Health information on the internet : researching information seekers and practices in a mediated health context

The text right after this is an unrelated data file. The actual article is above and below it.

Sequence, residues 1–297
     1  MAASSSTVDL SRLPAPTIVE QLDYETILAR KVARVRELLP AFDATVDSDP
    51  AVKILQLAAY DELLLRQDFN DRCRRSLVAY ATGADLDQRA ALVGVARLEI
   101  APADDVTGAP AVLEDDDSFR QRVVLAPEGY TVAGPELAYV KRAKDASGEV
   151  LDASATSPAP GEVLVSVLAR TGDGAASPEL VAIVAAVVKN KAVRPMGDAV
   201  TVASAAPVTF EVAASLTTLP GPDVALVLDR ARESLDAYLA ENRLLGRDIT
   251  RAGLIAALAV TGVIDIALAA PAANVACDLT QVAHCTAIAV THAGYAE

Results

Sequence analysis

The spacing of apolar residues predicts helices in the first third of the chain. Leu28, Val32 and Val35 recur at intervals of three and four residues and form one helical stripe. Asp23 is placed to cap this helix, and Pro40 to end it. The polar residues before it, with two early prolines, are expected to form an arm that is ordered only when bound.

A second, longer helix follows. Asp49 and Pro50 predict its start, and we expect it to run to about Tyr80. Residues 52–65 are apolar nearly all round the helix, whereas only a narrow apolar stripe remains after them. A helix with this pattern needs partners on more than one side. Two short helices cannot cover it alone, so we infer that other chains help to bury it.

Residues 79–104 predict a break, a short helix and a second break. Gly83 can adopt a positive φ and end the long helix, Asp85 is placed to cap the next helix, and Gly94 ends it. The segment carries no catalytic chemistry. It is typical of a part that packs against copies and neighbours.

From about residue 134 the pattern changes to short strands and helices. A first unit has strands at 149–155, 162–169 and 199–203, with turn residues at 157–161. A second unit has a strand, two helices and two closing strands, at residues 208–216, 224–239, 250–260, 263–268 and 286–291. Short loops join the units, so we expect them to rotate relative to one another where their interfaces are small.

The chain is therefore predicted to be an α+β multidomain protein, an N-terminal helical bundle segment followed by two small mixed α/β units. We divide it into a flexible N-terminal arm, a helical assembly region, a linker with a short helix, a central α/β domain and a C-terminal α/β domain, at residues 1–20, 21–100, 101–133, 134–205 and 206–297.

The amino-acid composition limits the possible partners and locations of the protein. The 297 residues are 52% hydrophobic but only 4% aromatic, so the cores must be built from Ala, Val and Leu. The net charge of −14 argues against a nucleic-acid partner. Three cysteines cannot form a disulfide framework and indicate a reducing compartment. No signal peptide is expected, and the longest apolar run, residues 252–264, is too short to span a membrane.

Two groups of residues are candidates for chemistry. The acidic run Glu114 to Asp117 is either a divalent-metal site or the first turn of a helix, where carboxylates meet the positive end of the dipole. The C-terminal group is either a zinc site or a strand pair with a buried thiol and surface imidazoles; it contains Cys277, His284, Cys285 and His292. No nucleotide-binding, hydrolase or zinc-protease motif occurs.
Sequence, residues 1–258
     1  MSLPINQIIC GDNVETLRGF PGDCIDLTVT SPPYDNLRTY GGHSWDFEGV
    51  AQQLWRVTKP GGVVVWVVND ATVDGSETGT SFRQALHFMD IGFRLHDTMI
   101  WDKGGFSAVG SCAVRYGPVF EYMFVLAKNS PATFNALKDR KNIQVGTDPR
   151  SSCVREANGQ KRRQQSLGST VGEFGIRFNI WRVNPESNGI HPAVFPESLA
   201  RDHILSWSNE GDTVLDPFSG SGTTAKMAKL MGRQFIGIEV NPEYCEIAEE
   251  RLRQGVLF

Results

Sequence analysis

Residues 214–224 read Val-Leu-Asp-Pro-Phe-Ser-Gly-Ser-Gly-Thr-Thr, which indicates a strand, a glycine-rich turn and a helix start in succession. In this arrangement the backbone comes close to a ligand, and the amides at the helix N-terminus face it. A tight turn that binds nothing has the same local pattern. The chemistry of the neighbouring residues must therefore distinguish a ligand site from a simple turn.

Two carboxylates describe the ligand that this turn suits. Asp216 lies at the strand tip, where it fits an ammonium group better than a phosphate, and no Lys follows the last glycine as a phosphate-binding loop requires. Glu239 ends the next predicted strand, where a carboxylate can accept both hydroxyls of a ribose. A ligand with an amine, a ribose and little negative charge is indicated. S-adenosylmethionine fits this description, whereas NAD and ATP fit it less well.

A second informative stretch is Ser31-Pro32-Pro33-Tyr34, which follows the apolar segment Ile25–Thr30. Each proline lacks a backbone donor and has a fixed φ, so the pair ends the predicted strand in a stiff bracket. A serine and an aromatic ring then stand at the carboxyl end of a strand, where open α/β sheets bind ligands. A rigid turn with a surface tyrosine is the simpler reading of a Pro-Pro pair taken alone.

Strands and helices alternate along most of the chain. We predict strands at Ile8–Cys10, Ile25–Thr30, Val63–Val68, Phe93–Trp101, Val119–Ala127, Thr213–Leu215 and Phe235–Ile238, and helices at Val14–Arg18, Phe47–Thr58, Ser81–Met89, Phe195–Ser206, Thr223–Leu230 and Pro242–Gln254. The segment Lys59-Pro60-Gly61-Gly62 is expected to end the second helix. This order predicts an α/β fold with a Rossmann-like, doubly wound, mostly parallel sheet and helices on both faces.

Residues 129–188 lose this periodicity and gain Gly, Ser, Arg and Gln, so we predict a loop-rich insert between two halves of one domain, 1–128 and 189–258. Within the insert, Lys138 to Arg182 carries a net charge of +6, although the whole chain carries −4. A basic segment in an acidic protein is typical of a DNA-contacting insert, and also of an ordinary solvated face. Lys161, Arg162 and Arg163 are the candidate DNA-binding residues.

This thesis explores the use of the Internet as a search tool for health information, examining how information practices are inscribed within, and what the implications are for, individuals' everyday experience of health. It does not solely examine the Internet, but also embraces the mediated context of health that promotes information practices. The study examines the search for health-related information from the perspective of information seekers and within the informational environment of individuals' everyday life that shapes an 'informed health' experience. The study draws on sociological theories that discuss contemporary health experience and the related issues of risks, information and agency. It is based on a web-based questionnaire and qualitative email and face-to-face interviews with Internet users. After a descriptive analysis of health information seekers' profiles and their online practices, three interpretive contexts - 'informed patient', 'informed self' and 'healthy self' - explore the everyday dimension and meanings of health information seeking. Four case studies of online health information seekers are next developed, deepening the investigation of the significance of being informed about one's own health. The thesis also reflects on the use of email as an interview method and on its implications for the online research relationship. The thesis demonstrates how information seeking may be part of a 'health role' indicating individuals' responsibility for maintaining and controlling their own good health by means of information. It outlines how information seeking may be the source of uncertainties and produce resistance from information seekers who may deliberately ignore information or construct alternative health projects through information selection. The study discusses the implications for the doctor-patient relationship of seeking health information and demonstrates how using the Internet for health information generates an attitude of suspicion in laypersons who must redefine the trust they place in sources of information, including in medical professionals.